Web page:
the primed figures a truly hideous shade of pinkish-violet.
A spring-counterbalanced lamp and magnifying grass combination -
mine is a 'Polaris Magnifier Lamp, model IM 295 A', from Ledu
Corp. of Trumbull, Ct. - is almost as useful as twenty-four Reg A
Spring clothespins are handy for securing figures for painting
[especially seperately-cast horsemen]. Craft-supply stores often
have smaller versions - 2" long instead of the 4" laundry size.
To make them more useful, get a razor saw and trim the wooden ones
so that the grasping end comes to a point insted of a 'U'. One
firm of paint makers [Unfortunately, I've forgotten which one -
look around in your art supply store.] packs their acrylic tube
colors in clear plastic boxes with a rectangular slot in each
corner - perfect for holding a clothespin upright.
To keep acrylic paints from drying out while you're working with
them; Get a plastic or metal tray or large shallow box, preferably
with an airtight cover. Cover the bottom with two or three layers
of high-quality paper towels cut to size [I like +Bounty+] and
saturate with water. Cut a piece of white paper - you want a
grade that won't seperate into fibers when wet - to fit atop.
Good-quality electrostatic duplicator +[Xerox]+ or laser-printer
paper works well. Saturate with water - you want the papers to be
very wet but not so wet that the paints run into each other - and
squeeze your paints onto the paper. Cover when finished for the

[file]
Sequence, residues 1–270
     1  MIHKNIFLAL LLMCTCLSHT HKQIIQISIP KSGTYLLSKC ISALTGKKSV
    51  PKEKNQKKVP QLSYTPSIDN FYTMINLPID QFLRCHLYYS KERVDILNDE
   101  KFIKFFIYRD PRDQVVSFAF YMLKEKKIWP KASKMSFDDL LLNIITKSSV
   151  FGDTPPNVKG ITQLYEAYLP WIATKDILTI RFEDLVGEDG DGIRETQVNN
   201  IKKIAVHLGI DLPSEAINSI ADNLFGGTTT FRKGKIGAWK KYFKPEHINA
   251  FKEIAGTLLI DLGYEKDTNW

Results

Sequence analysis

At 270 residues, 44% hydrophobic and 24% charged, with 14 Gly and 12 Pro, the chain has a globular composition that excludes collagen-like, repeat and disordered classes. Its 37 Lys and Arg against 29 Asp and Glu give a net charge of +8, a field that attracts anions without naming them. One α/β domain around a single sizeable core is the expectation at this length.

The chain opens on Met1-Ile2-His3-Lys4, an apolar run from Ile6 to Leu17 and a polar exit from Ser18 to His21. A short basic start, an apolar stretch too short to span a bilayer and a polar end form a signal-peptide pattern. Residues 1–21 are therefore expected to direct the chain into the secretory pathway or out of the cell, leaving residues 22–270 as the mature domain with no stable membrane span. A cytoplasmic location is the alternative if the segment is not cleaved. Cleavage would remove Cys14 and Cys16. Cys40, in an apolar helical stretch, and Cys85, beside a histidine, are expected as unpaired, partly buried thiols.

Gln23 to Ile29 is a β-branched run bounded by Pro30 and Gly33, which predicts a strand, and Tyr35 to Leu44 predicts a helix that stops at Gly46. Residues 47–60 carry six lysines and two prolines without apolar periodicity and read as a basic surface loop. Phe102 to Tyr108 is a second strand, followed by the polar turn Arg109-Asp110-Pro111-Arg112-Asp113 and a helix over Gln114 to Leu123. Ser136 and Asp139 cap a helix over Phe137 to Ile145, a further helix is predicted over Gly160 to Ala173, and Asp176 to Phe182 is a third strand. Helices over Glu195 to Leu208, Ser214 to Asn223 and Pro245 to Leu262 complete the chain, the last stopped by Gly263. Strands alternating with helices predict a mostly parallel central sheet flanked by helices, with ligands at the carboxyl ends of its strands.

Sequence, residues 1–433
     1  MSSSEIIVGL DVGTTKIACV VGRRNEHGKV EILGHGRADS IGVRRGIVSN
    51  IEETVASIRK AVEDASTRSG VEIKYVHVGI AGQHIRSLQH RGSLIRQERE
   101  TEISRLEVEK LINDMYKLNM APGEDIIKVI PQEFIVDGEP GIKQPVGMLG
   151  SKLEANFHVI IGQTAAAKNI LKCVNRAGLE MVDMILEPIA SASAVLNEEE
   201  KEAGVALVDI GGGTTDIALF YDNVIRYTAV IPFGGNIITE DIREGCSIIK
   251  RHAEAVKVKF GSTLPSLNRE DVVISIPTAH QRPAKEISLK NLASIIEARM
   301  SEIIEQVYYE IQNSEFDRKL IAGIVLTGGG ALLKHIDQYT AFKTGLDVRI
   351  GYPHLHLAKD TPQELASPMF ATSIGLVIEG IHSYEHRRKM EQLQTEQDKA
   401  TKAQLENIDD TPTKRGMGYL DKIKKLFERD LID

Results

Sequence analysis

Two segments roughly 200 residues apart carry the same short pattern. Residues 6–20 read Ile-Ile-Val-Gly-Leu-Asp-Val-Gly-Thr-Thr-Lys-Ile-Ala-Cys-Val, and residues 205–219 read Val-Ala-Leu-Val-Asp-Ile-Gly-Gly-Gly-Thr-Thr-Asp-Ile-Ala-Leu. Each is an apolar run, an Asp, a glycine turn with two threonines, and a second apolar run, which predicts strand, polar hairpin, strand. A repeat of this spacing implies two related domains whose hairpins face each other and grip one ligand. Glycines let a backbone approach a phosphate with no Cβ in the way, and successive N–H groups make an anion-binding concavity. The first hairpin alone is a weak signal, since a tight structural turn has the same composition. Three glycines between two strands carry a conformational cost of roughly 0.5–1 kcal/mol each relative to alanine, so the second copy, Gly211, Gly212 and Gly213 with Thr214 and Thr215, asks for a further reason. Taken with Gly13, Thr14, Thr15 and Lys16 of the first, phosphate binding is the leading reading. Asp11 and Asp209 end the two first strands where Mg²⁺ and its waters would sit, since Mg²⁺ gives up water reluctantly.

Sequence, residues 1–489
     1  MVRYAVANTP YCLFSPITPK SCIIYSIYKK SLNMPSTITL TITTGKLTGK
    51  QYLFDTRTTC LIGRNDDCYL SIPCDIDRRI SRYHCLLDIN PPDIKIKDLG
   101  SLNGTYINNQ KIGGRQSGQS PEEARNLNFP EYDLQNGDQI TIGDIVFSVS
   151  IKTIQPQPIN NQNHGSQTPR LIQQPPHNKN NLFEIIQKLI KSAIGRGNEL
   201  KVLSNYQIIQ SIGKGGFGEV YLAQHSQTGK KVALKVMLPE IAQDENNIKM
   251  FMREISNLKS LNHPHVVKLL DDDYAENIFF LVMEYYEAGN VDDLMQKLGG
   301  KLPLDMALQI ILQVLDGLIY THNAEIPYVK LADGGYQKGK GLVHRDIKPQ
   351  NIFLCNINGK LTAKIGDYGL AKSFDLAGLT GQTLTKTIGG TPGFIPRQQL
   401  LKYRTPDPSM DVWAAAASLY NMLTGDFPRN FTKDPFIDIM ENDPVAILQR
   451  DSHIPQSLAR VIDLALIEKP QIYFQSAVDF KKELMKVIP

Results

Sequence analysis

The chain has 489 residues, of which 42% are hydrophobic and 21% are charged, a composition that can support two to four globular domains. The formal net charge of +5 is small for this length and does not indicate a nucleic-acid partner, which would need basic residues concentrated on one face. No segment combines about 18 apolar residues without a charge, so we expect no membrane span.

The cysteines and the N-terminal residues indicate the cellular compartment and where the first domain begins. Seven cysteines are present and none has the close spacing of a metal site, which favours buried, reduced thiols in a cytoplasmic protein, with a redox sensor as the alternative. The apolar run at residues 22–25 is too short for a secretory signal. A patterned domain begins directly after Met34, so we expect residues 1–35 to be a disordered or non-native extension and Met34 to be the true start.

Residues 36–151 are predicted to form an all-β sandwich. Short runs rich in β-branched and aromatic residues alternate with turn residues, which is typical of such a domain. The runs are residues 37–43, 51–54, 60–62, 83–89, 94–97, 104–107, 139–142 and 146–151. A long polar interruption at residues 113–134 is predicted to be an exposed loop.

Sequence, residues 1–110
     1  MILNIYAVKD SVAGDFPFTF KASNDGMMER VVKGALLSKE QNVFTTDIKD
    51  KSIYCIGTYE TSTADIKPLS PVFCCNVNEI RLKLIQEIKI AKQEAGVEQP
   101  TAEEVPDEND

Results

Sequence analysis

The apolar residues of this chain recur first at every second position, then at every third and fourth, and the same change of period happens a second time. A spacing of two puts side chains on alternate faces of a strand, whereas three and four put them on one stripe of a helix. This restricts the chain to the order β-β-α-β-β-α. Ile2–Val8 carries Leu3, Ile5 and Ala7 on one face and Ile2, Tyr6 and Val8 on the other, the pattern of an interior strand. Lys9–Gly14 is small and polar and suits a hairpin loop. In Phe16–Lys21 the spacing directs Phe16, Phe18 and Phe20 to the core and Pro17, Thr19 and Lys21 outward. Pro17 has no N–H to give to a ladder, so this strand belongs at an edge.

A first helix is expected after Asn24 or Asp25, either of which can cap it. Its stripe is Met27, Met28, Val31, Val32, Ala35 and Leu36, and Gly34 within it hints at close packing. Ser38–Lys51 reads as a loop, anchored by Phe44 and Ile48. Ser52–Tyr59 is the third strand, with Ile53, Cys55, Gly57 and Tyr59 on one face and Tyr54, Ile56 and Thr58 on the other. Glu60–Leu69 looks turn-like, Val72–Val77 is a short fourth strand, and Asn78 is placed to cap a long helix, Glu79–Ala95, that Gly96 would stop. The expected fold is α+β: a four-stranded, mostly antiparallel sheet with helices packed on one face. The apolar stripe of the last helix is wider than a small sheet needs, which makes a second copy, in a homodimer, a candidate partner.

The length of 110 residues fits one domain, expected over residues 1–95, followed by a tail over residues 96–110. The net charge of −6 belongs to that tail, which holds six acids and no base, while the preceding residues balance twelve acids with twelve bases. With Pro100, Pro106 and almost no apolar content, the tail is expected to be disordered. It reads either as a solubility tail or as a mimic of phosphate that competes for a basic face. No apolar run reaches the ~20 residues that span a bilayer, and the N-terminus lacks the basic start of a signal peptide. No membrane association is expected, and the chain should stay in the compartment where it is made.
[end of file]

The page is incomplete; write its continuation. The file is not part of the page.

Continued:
Modelers' Mart [and probably some other vendors] packages some of
its figures in snap-shut clear plastic packs, about 4" x 2 1/2' x
3/4" deep. These make excellent mini-palettes - with the lid
closed they can be left overnight without drying out.
Often we would like some 'wetter water', some medium with less
surface tension that would make acrylic paints flow more easily
without thinning the pigments out too much. I've heard that
"Kodak Photo-Flow" is nice for this if you've an unlimited budget.
Liquid 'Spic & Span' thins acrylic paints very well. [But if an
expert in paint chemistry out there thinks this is a bad idea -
please pass the word.] But 'tis probably best to go to the art
supply store and buy some Liquitex Flow-Aid Flow Enhancer. A
four-ounce bottle of this sells for about 5 bucks, has directions
"Dilute before use, 20 parts water to 1 part Flow-Aid", and works
very well. Is also useful in cleaning stubborn paint residues
I like to plan my painting sessions in an 'intensity curve'. I
start with something easy to 'warm up' - big brush and wide swaths
of color, go on to the fine detail work and 'ten-zero' brushes,
then finish up with some more easy stuf. The problem with this is
that I accumulate boxes of figures with tunics or whatever
'roughed in', and must pledge myself to 'finish two stands for
each one I begin'.
Sometime or other, you probably have had your significant other
charge into the workshop yelling "When are you going to call it a
night and get to sleep ?" One way to pace yourself at your
painting sessions [assuming you use acrylics) is to go by the
dishes of water you use for cleaning brushes. Fill up a dish and
work from light colors to black. When you dump it down the drain
and rinse it out, check the time [and the morale of your support
group], then decide whether to resume wielding your paintbrush or